The South Carolina Constitution, with an express right to privacy provision included in the article prohibiting unreasonable searches and seizures, favors an interpretation offering a higher level of privacy protection than the Fourth Amendment. The issue in the case before the Court is whether this privacy provision goes so far as to require informed consent to government searches.
B. Informed Consent
Forrester argues our state's right to privacy provision should require police officers to inform citizens that they have the right to refuse consensual searches and without such admonition, a search is involuntary. We disagree.
This Court has previously rejected the argument that police officers must inform a suspect of the right to refuse consent prior to a search. See State v. Wallace, 269 S.C. 547, 238 S.E.2d 675 (1977). In Wallace, we applied a "totality of the circumstances" analysis for determining whether a search was voluntary. Therefore, like the federal standard, our state standard does not require a law enforcement officer conducting a search to inform the defendant of his right to refuse consent. See Schneckloth v. Bustamonte, 412 U.S. 218, 93 S. Ct. 2041, 36 L. Ed.2d 854 (1973). The lack of such warning is only one factor to be considered in determining the voluntary nature of the consent. Wallace, at 552, 238 S.E.2d at 677. Petitioner's position would make consent to search dependant on a Miranda-like warning given prior to the search. We reject such a requirement.
Eight of the nine other states that have an explicit right to privacy provision contained in their constitution have rejected Forrester's argument that suspects must be informed of their right to refuse consent to search. (5) Washington's Supreme Court has issued a limited ruling that officers must inform home owners of the right to refuse consent when the government attempts to search their home without a warrant. See Washington v. Ferrier, 960 P.2d 927 (Wash. 1998). However, Washington's constitutional privacy provision is unique in that it specifically focuses on protecting the home. (6) Furthermore, Washington courts have not required informed consent in other governmental search situations. See State v. Hastings, 830 P.2d 658, 661 (Wash. 1992)("Consent must be voluntary, but this does not mean that it must be made with full knowledge of the right to refuse the entry or search.").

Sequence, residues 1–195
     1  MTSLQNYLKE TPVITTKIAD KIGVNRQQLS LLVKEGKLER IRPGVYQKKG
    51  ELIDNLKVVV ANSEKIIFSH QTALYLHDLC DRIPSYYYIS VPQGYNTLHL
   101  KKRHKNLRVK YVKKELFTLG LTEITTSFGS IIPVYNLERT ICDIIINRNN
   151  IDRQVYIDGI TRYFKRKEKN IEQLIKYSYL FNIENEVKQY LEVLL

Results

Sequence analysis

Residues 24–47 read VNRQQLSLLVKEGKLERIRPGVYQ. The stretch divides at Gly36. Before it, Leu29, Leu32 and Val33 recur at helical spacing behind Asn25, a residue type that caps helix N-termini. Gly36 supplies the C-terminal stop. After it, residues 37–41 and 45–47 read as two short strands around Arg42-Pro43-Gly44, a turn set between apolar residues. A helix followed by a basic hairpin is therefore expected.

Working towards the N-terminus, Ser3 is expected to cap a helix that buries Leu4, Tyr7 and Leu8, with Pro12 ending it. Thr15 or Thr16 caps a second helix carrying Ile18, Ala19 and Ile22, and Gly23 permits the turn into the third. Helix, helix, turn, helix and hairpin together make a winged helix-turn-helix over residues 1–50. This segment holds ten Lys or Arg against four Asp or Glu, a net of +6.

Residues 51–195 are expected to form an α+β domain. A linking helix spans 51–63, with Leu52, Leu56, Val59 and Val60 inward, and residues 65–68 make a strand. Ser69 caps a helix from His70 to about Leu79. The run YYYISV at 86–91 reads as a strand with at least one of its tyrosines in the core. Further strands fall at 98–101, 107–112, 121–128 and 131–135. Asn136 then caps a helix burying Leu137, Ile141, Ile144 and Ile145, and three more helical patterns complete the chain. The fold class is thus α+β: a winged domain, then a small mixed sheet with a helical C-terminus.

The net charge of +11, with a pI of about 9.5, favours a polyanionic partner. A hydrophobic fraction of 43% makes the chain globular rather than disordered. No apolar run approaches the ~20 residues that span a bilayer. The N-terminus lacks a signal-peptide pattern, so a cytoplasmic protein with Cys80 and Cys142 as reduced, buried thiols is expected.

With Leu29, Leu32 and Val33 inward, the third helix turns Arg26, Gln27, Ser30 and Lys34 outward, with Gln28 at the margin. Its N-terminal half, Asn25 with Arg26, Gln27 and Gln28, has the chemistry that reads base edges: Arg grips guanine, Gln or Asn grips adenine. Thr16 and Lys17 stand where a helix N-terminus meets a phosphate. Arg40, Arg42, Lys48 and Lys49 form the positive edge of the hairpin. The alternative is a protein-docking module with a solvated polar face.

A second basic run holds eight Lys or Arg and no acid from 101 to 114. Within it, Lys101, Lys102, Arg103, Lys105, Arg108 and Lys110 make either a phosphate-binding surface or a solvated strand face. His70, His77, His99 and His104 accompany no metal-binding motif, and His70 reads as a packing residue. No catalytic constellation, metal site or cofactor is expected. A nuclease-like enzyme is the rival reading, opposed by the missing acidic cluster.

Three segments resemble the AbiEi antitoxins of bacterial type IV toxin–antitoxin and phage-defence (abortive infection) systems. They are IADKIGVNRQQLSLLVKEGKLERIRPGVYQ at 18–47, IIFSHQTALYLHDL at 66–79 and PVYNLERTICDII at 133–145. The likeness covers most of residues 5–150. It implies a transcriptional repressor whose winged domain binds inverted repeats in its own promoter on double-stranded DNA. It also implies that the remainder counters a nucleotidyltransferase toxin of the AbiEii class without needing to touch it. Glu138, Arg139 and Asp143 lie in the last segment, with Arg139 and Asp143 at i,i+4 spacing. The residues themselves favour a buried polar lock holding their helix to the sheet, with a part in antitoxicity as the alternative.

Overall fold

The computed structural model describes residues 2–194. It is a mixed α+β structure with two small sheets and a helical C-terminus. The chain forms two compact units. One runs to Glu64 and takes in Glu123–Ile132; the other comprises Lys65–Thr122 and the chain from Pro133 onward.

As noted by the Court of Appeals, the drafters of our state constitution's right to privacy provision were principally concerned with the emergence of new electronic technologies that increased the government's ability to conduct searches. See Committee to Make a Study of the Constitution of South Carolina, 1895, Minutes of Committee Meeting 6 (Sept. 15, 1967). According to their minutes, "The committee agreed that [the search and seizure provision] should remain, but that is [sic] should be revised to take care of the invasion of privacy through modern electronic devices." Id. However, the committee also recognized that the provision would have an impact beyond just the area of electronic surveillance. As Committee Member Sinkler stated, "I think this is an area that, really, should develop and should not be confined to the intent of those who sit around this table." Id. at 6 (Oct. 6, 1967).